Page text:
In Frédéric Hay v Crédit agricole mutuel de Charente-Maritime et des Deux-Sèvres  EUECJ C-267/12 the Court of Justice of the European Union ruled that in relation to Article 2(2)(a) of Directive 2000/78/EC on establishing a general framework for equal treatment in employment and occupation, same-sex couples who enter into registered partnerships are entitled to the same benefits at the workplace as married employees because their legal situation is comparable to the situation of opposite-sex spouses.
M Hay, a French citizen, concluded a civil solidarity pact (PACS) with his partner in 2007 and subsequently applied to his employer, Crédit agricole mutuel de Charente-Maritime et des Deux-Sèvres (‘Crédit agricole’), to award him days of special leave and a bonus, as granted to staff who marry under Crédit agricole’s national collective agreement. However, this was not granted and on 17 March 2008, M Hay brought an action before the Conseil de prud’hommes de Saintes (Labour Tribunal, Saintes), which was dismissed on the ground that the bonus granted in the event of marriage was not linked to employment but to marital status, and that the Civil Code differentiated between marriage and PACS. The EUCJ noted that the collective agreement had been amended on 10 July 2008 to cover couples with a PACS arrangement but that that extension could not be given retroactive effect.
The ruling of the Labour Tribunal was upheld on 30 March 2010 by the Cour d’appel de Poitiers (Court of Appeal, Poitiers), and M Hay appealed against this judgment before the Cour de Cassation claiming that Crédit agricole’s national collective agreement was discriminatory, contrary to Article L.122-45 of the Labour Code, Articles 1 to 3 of Directive 2000/78 and Article 14 ECHR (discrimination). The Cour de cassation decided to stay proceedings and refer the matter to the EUCJ for a preliminary ruling.
The court noted [para. 22] that although, as indicated in recital 22 in the preamble to Directive, legislation on the marital status of persons falls within the competence of the Member States, the purpose of Directive 2000/78 as stated in Article 1 is to combat certain types of discrimination relating to employment and occupation, including discrimination on the ground of sexual orientation, with a view to putting into effect in the Member States the principle of equal treatment: see Case C‑147/08 Römer  ECR I‑3591, para. 38. Where the provisions of a collective agreement such as the one at issue adopt measures which fall within the scope of the Directive, management and labour must respect that Directive, [para.27].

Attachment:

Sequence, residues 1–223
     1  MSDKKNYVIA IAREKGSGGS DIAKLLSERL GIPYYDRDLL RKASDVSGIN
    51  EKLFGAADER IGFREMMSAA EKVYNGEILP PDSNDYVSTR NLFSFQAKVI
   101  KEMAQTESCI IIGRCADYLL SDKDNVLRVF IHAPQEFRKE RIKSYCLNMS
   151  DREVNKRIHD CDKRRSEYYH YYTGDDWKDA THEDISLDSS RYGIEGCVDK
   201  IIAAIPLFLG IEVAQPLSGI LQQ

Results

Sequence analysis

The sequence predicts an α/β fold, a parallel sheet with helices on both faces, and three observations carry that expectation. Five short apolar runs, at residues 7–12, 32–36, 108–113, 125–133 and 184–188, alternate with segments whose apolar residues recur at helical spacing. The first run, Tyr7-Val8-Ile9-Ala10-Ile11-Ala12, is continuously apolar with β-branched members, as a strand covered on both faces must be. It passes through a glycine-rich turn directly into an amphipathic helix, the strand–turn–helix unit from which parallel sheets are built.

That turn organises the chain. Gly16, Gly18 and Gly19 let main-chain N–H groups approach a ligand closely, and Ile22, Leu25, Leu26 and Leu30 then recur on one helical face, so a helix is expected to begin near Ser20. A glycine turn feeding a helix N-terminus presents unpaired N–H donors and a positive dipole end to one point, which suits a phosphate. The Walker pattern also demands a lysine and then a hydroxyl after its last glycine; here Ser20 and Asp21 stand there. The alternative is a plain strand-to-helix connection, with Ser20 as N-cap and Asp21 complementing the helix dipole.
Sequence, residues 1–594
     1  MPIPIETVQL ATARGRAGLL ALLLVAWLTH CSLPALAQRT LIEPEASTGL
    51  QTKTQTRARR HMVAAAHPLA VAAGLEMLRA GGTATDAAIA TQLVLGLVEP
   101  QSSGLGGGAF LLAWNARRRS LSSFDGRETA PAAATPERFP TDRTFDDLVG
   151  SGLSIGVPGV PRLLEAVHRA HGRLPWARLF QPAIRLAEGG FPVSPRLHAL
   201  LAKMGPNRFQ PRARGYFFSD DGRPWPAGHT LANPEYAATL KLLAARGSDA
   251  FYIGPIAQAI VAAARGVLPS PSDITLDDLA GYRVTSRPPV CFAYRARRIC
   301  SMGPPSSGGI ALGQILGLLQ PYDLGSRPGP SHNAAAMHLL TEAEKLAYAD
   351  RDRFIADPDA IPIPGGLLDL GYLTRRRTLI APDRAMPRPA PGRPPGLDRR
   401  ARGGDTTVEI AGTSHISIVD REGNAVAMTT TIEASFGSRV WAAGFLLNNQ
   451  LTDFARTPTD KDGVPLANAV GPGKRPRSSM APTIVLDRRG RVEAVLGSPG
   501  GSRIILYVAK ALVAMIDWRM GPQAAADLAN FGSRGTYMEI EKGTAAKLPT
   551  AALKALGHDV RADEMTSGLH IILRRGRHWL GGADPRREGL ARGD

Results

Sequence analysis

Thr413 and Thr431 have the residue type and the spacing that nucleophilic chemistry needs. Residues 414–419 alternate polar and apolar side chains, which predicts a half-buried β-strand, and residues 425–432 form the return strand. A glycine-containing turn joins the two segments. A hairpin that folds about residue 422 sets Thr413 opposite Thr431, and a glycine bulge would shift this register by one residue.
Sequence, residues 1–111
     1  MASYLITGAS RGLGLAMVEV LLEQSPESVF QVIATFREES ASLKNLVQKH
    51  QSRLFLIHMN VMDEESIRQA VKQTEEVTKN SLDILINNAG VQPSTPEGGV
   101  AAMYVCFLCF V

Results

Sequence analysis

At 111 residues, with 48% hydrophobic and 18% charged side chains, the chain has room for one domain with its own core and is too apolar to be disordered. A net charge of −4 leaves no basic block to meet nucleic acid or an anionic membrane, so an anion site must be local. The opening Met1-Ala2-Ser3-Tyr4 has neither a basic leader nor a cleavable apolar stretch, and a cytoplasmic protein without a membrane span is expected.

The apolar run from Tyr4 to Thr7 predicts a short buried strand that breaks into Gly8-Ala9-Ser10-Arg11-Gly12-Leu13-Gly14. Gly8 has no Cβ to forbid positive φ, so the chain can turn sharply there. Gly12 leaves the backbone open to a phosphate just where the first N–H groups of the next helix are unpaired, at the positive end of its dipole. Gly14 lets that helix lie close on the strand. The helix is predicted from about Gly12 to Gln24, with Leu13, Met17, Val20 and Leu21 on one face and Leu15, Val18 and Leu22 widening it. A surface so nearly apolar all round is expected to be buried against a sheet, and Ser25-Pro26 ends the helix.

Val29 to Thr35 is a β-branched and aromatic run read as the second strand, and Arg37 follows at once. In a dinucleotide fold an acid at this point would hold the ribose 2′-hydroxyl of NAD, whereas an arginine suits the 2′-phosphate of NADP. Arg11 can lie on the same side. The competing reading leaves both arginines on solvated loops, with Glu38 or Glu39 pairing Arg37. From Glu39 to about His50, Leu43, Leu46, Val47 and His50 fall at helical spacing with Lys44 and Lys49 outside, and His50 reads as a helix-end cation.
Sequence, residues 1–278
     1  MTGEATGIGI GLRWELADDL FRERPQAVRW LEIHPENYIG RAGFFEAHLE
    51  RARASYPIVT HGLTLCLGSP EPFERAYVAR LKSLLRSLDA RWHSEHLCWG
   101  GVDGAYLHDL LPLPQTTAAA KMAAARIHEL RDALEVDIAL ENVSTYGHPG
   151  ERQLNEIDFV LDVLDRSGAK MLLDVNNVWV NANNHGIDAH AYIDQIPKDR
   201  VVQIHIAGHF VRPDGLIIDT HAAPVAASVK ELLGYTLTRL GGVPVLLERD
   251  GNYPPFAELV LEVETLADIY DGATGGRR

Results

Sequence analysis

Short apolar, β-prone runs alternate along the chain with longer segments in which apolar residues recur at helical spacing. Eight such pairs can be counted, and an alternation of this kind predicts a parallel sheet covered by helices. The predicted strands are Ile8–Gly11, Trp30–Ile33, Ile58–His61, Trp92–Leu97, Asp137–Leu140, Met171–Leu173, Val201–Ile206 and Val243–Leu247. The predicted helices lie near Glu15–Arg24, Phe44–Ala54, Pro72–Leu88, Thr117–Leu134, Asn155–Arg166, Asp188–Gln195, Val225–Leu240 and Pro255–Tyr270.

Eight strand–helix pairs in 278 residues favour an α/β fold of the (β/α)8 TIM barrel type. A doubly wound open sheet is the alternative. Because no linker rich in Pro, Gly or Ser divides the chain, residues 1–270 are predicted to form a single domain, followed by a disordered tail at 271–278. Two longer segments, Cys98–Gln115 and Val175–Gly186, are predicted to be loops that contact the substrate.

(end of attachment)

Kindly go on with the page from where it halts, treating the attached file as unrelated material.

Under Article 2 of the Directive, the ‘principle of equal treatment’ was held to mean that there is to be no direct or indirect discrimination whatsoever on any of the grounds referred to in Article 1, and direct discrimination is to be taken to occur when a person is treated in a less favourable manner than another person in a comparable situation including sexual orientation, [para. 30 and 31]. Whilst under the case law cited in para. 33, married couples and couples in a PACS arrangement were not in a comparable situation for the purposes of a survivor’s pension, the court held that this does not rule out the comparability of the situation in relation to the grant of days of leave and bonuses at the time of marriage, [para.38]. It also noted:
“Similarly, the differences between marriage and the PACS, noted by the Cour d’appel de Poitiers … in respect of the formalities governing its celebration, the possibility that it may be entered into by two individuals of different sexes or of the same sex, the manner in which it may be broken, and in respect of the reciprocal obligations under property law, succession law and law relating to parenthood, are irrelevant to the assessment of an employee’s right to benefits in terms of pay or working conditions”, [para,39].
The CJEU concluded that:
“Article 2(2)(a) of Council Directive 2000/78/EC … must be interpreted as precluding a provision in a collective agreement, such as the one at issue in the main proceedings, under which an employee who concludes a civil solidarity pact with a person of the same sex is not allowed to obtain the same benefits … as those granted to employees on the occasion of their marriage, where the national rules of the Member State concerned do not allow persons of the same sex to marry, in so far as, in the light of the objective of and the conditions relating to the grant of those benefits, that employee is in a comparable situation to an employee who marries.”
In relation to the legal status of marriage and civil partnership, the situation in Frédéric Hay is equivalent to that in England and Wales before the Marriage (Same Sex Couples) Act 2013 came into force: under Article 144 of the French Civil Code, only persons of different sexes may marry, whereas, under Article 515-1 of the Civil Code, persons of the same sex only have the possibility of concluding a PACS. However, the CJEU’s conclusion underlines the principle already established by its earlier case-law that to exclude same-sex partners in civil partnerships and similar legal arrangements from employment-related benefits granted to married partners is direct discrimination on grounds of sexual orientation. Moreover, this applies even where the same-sex partnership legislation of the member state in question cannot be regarded as comprehensively equivalent to marriage, as was the case in France at the material time.